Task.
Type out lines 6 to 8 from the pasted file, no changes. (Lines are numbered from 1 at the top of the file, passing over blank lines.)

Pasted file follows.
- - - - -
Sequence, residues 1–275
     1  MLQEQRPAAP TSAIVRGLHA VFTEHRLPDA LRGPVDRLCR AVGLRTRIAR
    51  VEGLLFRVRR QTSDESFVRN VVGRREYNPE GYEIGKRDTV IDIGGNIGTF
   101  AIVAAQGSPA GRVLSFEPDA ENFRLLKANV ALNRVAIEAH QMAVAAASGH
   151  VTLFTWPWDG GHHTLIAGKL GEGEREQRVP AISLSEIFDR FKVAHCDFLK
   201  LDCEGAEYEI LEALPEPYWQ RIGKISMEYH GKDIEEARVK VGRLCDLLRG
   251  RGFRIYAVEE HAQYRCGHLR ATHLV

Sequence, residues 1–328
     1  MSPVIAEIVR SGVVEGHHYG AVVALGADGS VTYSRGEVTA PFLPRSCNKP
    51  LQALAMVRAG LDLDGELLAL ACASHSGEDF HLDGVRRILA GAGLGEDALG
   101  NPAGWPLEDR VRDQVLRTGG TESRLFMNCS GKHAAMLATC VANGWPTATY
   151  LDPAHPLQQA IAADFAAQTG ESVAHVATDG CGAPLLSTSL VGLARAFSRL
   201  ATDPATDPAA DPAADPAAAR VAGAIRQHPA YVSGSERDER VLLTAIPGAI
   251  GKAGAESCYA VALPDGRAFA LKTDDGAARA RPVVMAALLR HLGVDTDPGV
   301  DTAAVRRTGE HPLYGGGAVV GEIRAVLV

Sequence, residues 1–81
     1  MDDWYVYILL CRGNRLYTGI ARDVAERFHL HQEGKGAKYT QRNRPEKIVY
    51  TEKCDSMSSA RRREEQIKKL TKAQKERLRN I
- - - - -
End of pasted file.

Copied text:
   201  LDCEGAEYEI LEALPEPYWQ RIGKISMEYH GKDIEEARVK VGRLCDLLRG
   251  RGFRIYAVEE HAQYRCGHLR ATHLV

Sequence, residues 1–328